Five Things Never to Say to a Diabetic

Note: Congratulations to Deborah Weber, who won the book. And thanks to all of you for your great ideas of what to do with the flash cards.  Now to decide which ones to try.. . .

When in full snark mode combined with teacher mode, I make lists of things not to say. I’ve done one for funerals and one for writers, and now it’s time to stand up for diabetics.

drug_development_cost_diabetes_prevalenceWith the zeal of a new convert to a strange religion, I’ve decided not to hide and pretend I’m on a fad diet. Fueled by the acceptance of fads but the fear of disease, our culture accepts almost any diet as a brave attempt at carving out a slim line from a hunk of fat. . . except for diabetics. We, it seems, are fat because we chose to be. Here are five things diabetics do not want to hear you say:

1. “Is it Type 1 or Type 2?” Unless you have just discovered the cure for one of them, there is no reason to ask. What in the world do you need that information for? To decide if they got a bad genetic download? (Type 1) Or if it is “your own fault”? (Type 2). See? You just want to judge. Don’t.

2. “You know, there’s this great new cure I just heard about. . .” Most diabetics have a doctor or a dietician. If you have a new cure, call the American Diabetes Association, or Diabetes is a complicated hormonal and endocrinological disease, and whatever you read online that starts “one weird old way. . .” or “why your doctor doesn’t want you to know about. . .” is not the answer.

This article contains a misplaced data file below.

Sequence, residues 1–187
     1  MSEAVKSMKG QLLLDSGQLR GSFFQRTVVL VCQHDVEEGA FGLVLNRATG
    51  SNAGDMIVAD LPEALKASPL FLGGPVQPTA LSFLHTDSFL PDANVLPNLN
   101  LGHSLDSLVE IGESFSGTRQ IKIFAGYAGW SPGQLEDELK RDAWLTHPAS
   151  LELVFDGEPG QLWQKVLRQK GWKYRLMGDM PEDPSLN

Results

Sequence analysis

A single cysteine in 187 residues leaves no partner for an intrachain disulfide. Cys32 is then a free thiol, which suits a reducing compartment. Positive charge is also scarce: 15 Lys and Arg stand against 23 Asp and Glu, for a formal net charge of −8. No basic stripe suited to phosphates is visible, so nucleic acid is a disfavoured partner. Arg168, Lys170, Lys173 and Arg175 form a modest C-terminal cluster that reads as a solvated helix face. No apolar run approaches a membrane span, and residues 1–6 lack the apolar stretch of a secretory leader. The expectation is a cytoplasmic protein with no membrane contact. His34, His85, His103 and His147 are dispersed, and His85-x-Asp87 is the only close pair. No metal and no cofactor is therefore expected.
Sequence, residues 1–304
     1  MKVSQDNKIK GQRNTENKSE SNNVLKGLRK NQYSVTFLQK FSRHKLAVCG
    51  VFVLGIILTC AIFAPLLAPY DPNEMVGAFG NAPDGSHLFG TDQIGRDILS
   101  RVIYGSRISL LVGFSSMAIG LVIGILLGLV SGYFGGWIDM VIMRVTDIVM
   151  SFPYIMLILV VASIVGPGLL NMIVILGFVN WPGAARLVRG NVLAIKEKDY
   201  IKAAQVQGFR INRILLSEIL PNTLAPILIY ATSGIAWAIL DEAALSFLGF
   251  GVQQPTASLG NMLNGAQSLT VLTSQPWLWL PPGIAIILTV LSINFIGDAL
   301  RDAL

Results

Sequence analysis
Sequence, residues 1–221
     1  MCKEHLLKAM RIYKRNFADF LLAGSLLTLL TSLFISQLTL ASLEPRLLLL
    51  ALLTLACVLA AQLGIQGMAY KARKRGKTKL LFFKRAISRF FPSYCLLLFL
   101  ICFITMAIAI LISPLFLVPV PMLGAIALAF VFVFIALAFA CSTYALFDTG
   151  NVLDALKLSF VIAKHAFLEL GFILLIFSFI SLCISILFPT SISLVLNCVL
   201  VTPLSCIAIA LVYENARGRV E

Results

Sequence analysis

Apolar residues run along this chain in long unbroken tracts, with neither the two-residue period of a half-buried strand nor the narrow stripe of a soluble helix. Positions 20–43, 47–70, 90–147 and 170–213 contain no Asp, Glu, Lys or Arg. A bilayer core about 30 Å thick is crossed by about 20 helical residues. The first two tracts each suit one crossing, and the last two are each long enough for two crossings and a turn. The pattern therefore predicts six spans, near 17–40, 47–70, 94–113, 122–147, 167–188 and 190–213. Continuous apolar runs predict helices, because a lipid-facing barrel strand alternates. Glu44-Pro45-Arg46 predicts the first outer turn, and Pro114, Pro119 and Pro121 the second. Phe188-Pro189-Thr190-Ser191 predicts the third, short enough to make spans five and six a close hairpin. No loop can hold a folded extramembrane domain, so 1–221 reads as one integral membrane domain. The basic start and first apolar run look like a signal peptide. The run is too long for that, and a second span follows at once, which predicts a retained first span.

The same advice goes for asking if we can’t just eat gluten-free or paleo. Here’s the answer: No. Diabetics aren’t allergic to gluten, it’s all carbs they have to watch out for. Gluten sensitives can eat rice. diabetics can’t.  So glad you love your paleo diet. Please don’t try to foist is on me.

3. “You can’t stay on that diet all the time. You have to treat yourself.” Most diabetics have learned to “treat themselves” in ways that don’t involve food. What you are doing is indicating that you are unhappy with the change your friend went through”, and you are giving a “switchback” message. “I liked the old you better.” Diabetics liked the old diet, too, but it’s killing them.  That remark is not far from telling an alcoholic that “one drink won’t hurt.” Take the cue from the diabetic. They know more about their disease than you do.

4. “Can’t you just eat one dessert and then take more medication?” Is there an M.D. after your name? No? Then stop giving medical advice. The medication your diabetic friend is on depends on a diet to make it work. Insulin is not the “morning after” pill, it’s a way to balance what the body no longer produces. Messing with it leads to blindness, kidney failure, and amputation. Ready to give up a kidney?

5. “Just how much weight have you lost?” is not as charming as it sounds. Instead, say, “You look great!” –it’s a phrase that doesn’t seem to have any strings attached.

Bonus #6: “I could never jab myself like you have to.” Lucky you don’t have to then. And no heroin jokes, either. I’ve heard them all. And no, you may not look at or use my test kit.

Quinn McDonald has noticed that the test strip container is just large enough to hold some darning needles, or a pencil sharpener. How convenient.